Le Wed, 30 Jan 2013 13:26:08 -0800, Guido van Rossum email@example.com a écrit :
Thoughts on os.path? What happened to the idea of a new path object?
I plan to launch another round of discussions following the changes in PEP 428.
---------- Forwarded message ---------- From: Talin firstname.lastname@example.org Date: Wed, Jan 30, 2013 at 12:34 PM Subject: Re: I was just thinking that os.path could use some love... To: Guido van Rossum email@example.com
On Wed, Jan 30, 2013 at 11:33 AM, Guido van Rossum firstname.lastname@example.org wrote:
Hmm... Mind if I just forward to python-dev? IIRC there's been some discussion about a newfangled path object, but I lost track of where the discussion went. (Or you can post there yourself. :-)
Sure - forward away. Is this the same as the path object idea that was floated 5 years ago? I've yet to see any set of convenience methods for paths that are so compelling as to be worth all of the time and energy needed to update all of the various APIs which now expect paths to be passed in as strings.
On Wed, Jan 30, 2013 at 11:13 AM, Talin email@example.com wrote:
I just realized that os.path hasn't changed in a long time. Here's a couple of ideas for additions:
os.path.splitall(path) - splits all path components into a tuple
- so for example, 'this/is/a/path' turns into ('this', 'is', 'a',
'path'). If there's a trailing slash, the last item in the tuple will be a zero-length string. The main reason for having this in os.path is so that we can remain separator-character-agnostic.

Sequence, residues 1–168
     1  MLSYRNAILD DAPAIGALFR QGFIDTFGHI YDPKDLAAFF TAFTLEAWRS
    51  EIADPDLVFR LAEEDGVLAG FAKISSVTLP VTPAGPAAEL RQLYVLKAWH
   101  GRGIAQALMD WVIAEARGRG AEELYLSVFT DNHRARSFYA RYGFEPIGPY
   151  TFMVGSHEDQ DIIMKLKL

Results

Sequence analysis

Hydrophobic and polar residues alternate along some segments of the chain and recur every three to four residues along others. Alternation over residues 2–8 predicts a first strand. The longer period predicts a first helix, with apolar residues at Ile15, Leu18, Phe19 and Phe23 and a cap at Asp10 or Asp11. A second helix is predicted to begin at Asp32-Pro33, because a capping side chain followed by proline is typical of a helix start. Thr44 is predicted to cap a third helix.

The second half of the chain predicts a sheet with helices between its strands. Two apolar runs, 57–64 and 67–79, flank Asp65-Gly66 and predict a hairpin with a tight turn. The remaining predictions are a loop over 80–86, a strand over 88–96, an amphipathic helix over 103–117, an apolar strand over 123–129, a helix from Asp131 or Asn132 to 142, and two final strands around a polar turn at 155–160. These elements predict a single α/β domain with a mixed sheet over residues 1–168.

Would it also return a leading empty string if the path starts with /? What about Windows C: or //host/ prefixes???
I would say that it should only split on directory separators, not any other kind of delimiter, so that each component is a valid filesystem identifier. Further, the operation should be reversible by calling os.path.join(*dirnames). So it's a little more complex than just string.split('/').
Part of the reason for wanting the splitall function is to implement the common prefix function - you take all the paths, bust them into tuples, look for the longest tuple prefix, and then join the result back into a path. This means that os.path.join(*os.path.splitall(path)) must reproduce the original path exactly.
An alternative would be to add an optional 'maxsplits' parameter to os.path.split. Default would be 1; 0 = unlimited. Main disadvantage would be that no one would ever use values 2, 3, etc... but it would be more compatible with other split apis.
A version of os.path.commonprefix that always produces valid paths (and works by path component, not character-by-character).
I can probably think of others if I look at some other path manipulation apis. llvm::sys::path has a bunch if I recall...
-- -- Talin
-- --Guido van Rossum (python.org/~guido)
-- -- Talin